Religion in Cuba
Catholicism in Cuba
Hemingway makes several references to Catholicism in The Old Man and the Sea that show Santiago’s familiarity with the religion and represents Catholicism’s presence in Cuba at the time Hemingway wrote the novel. These include Santiago’s mentions of San Pedro, the Sacred Heart of Jesus, the Virgin of Cobre, sin, and the Catholic prayers Our Father and Hail Mary. Santiago relies on religion during moments of tribulation, like when he seeks to catch a large fish: “‘I am not religious,’ he said. ‘But I will say ten Our Fathers and ten Hail Marys that I should catch this fish, and I promise to make a pilgrimage to the Virgin of Cobre if I catch him. That is a promise’” (Hemingway 64-65). Santiago admits he is not a practicing Catholic, but it seems like Catholicism has been so ingrained into his life (and perhaps the lives of those around him) that he would say devotionals in a desperate attempt to catch this fish.
Santiago’s knowledge of the Catholic faith likely represents the popularity of the religion in Cuba. The Spanish brought Catholicism to Cuba upon colonizing the land in 1492, and they sought to “civilize its subjects” by either converting the natives (mostly the Taíno, a historic indigenous people of the Caribbean) or enslaving them; this resulted in the near extinction of Cuba’s native population and allowed Catholicism to thrive (Anreus; Holbrook). The rise of interest in Our Lady of Charity del Cobre at the beginning of the seventeenth century helped solidify the religion’s popularity in Cuba (Montgomery). Eventually, during Cuba’s democratic years (1940-1952), some members of the Auténtico political party welcomed a populist Catholicism, resulting in the creation of lay Catholic organizations: Acción Católica, Agrupados Católicos, and Juventud Obrera Católica (Anreus). With the establishment of these lay organizations and the popularity of Our Lady of Charity del Cobre, Catholicism became prominent in Cuba even without government support. Hemingway shows how deep-seated Catholicism is in Cuban culture by having his main character—an old, non-religious fisherman that seems largely detached from the rest of the world—know some of the core rituals of the religion.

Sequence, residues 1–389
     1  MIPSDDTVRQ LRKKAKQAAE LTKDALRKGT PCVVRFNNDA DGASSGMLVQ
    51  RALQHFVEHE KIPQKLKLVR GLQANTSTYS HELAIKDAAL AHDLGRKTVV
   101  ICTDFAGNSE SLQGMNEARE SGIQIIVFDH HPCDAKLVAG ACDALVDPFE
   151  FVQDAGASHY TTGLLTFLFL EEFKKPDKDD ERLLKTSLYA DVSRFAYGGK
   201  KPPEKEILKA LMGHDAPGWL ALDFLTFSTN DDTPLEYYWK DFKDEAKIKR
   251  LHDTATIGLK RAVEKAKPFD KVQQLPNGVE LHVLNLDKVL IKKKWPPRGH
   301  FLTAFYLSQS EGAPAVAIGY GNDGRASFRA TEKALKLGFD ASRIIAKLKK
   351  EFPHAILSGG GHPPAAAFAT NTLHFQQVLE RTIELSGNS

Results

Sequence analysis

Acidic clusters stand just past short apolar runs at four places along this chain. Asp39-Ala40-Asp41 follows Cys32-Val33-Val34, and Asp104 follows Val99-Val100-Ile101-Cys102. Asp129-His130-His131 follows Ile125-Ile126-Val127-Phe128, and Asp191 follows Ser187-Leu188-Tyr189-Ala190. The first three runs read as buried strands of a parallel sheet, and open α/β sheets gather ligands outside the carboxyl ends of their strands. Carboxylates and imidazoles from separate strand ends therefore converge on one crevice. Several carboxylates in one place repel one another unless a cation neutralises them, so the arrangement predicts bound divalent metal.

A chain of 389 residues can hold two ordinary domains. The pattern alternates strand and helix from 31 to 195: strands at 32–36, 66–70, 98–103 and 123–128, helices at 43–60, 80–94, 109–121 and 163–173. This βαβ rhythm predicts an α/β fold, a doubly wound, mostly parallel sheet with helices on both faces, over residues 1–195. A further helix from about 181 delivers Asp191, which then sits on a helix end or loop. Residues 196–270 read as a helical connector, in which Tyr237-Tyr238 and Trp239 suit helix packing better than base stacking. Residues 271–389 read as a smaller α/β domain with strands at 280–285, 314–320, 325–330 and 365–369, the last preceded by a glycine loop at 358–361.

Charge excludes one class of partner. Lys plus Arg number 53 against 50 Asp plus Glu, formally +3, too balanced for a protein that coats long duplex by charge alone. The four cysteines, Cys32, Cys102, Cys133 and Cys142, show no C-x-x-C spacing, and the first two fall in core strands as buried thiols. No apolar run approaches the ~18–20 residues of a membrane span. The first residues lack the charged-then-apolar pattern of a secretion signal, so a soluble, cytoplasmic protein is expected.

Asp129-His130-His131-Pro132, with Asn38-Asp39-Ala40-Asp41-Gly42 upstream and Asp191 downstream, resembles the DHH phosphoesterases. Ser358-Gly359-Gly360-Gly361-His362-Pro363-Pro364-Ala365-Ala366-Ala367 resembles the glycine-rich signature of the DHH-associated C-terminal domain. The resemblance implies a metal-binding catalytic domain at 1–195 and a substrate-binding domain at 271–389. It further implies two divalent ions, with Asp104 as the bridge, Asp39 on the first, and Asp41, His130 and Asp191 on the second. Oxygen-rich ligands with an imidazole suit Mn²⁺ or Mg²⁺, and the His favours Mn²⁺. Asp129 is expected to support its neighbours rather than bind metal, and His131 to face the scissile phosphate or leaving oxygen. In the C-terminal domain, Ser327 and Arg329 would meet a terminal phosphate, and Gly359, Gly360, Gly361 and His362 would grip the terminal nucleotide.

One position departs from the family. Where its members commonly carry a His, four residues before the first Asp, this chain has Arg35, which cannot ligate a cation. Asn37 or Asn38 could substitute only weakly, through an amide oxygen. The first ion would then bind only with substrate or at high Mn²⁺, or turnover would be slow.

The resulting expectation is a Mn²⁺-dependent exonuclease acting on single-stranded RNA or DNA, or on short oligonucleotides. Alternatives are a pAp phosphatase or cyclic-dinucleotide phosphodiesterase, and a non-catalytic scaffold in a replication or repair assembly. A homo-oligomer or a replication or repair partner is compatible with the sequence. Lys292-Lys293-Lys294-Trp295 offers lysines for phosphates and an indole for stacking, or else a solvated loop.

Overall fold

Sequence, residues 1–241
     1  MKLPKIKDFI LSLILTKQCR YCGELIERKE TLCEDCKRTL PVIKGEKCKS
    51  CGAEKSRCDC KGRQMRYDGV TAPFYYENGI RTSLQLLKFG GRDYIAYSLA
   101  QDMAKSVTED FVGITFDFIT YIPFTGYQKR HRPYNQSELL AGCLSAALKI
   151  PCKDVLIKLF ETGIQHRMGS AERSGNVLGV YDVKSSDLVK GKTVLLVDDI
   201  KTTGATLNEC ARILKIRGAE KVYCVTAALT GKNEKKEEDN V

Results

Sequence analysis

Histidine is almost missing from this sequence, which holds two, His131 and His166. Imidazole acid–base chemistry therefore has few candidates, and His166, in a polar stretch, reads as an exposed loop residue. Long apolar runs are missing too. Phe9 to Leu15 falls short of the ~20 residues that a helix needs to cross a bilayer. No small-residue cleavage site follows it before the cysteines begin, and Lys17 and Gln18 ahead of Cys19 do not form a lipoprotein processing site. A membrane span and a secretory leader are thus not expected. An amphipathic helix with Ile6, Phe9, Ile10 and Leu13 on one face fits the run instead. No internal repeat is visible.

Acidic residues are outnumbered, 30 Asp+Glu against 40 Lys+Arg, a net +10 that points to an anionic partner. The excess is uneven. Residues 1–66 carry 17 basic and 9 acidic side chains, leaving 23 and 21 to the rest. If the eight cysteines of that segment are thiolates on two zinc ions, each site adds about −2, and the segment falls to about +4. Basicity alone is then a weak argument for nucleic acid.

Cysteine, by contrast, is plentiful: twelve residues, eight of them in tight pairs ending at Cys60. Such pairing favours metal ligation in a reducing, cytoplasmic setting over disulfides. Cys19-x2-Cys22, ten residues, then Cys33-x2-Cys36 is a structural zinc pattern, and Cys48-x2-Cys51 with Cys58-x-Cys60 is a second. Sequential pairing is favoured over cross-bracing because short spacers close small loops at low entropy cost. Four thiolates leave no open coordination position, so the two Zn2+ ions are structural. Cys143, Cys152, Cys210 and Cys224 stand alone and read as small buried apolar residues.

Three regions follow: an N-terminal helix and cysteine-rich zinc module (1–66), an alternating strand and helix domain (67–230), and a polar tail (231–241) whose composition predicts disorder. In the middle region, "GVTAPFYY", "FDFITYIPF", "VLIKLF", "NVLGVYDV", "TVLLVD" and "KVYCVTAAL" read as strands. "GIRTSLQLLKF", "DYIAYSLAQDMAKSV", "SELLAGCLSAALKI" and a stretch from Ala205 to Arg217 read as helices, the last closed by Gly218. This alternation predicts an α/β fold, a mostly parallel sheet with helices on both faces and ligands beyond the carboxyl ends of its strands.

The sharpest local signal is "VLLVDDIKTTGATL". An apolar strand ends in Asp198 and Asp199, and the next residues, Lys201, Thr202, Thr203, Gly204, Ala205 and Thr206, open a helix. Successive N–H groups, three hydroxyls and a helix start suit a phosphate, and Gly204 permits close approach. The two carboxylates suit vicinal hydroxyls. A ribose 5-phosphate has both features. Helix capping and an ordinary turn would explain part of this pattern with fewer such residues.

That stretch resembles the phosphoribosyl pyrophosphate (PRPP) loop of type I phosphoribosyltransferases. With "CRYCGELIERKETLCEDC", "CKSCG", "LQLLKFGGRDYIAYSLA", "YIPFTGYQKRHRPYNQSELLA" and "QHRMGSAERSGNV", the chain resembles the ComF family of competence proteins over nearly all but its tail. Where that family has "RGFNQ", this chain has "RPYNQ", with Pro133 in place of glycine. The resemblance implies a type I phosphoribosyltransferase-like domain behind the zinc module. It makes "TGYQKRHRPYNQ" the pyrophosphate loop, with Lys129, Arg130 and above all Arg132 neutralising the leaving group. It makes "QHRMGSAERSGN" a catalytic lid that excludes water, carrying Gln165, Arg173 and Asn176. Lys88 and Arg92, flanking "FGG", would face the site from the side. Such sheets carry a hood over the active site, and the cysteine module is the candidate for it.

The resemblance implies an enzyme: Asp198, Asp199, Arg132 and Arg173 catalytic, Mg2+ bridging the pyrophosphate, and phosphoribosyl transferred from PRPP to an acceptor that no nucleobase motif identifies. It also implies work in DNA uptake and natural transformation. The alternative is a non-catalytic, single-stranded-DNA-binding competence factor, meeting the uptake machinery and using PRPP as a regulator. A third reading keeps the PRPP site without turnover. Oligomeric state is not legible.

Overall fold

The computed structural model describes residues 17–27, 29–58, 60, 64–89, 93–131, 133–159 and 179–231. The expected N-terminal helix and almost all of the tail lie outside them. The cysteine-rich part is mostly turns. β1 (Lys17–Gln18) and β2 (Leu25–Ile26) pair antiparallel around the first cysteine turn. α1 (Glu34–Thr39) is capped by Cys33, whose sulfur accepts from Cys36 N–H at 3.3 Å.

Cathedral located in Old Havana
Sacred Heat of Jesus
On the walls of Santiago’s home is a colorized image of the Sacred Heart of Jesus. In Catholicism, the Sacred Heart is an object of devotion that represents the spiritual and physical heart of Jesus (Encyclopedia Britannica). It is one of the most popular images in Catholicism, and images of the object often depict a wounded heart emitting light while surrounded by a crown of thorns (Encyclopedia Britannica; “The Most Famous Image of the Sacred Heart”). The presence of this devotion image in Santiago’s home alludes to the impact of Catholicism in Cuba, as many Cubans identify with the religion as a result of Spanish colonization (Holbrook 265).
This is possibly the picture Santiago had of the Sacred Heart of Jesus. It was painted by Pompeo Batoni in 1760, was placed in the Church of the Gesù in Rome, and has become the official image for this religious devotion. Courtesy of Missionaries of Divine Revelation.